operator to provide protection for multicast services in BGP/MPLS IP
   VPNs.  An operator would enable these mechanisms using a method
   discussed in Section 3 in combination with the redundancy provided by

It’s a very small point, but I think it’s just a little harder to follow than necessary because of two uses of “enable” with different senses — it’s easy to read the first in the same sense as the second, “optional to enable” (rather than “to enable an operator to...”).  I suggest changing the first to “allow”, and maybe also change it slightly, so: “are optional, and allow an operator to...”.

— Section 2.2 —
It’s usually not a good idea to have different definitions for things such as “upstream” and “Upstream”, for one reason because they can’t be distinguished if they begin a sentence (where they’ll both appear as “Upstream”), and for another because it’s easy to inadvertently write the wrong one and not catch it.  I checked, and I don’t see any case of the first in this document (where “Upstream” appears at the beginning of the second bullet in Section 5 it seems to be clear because of “downstream” in the other bullets), but you need to be careful not to introduce that ambiguity during the editing process.  It would be good for the AD to include an RFC Editor note to that effect, so they are alerted to this situation and to avoid beginning any sentences with “Upstream”.  And the authors should be sure to carefully check every instance of the word during AUTH48 (it would be good for the RFC Editor to include a reminder of that in the AUTH48 message).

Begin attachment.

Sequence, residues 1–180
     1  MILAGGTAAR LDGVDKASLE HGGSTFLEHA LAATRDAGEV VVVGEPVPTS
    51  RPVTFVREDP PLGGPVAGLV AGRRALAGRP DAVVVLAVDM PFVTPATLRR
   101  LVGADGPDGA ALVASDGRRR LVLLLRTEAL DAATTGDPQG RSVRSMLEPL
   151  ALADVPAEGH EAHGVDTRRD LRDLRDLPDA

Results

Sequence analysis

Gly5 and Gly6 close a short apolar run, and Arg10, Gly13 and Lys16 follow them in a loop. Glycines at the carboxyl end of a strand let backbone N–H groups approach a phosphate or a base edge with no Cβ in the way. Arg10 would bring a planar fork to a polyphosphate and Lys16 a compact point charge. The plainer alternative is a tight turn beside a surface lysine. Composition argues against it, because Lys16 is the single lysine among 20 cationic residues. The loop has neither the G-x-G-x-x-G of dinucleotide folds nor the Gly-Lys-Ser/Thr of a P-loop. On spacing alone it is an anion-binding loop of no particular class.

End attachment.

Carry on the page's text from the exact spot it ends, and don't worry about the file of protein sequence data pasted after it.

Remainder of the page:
(Deborah Brungard; former steering group member) No Objection

No Objection ( for -13)
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(Magnus Westerlund; former steering group member) No Objection

No Objection ( for -13)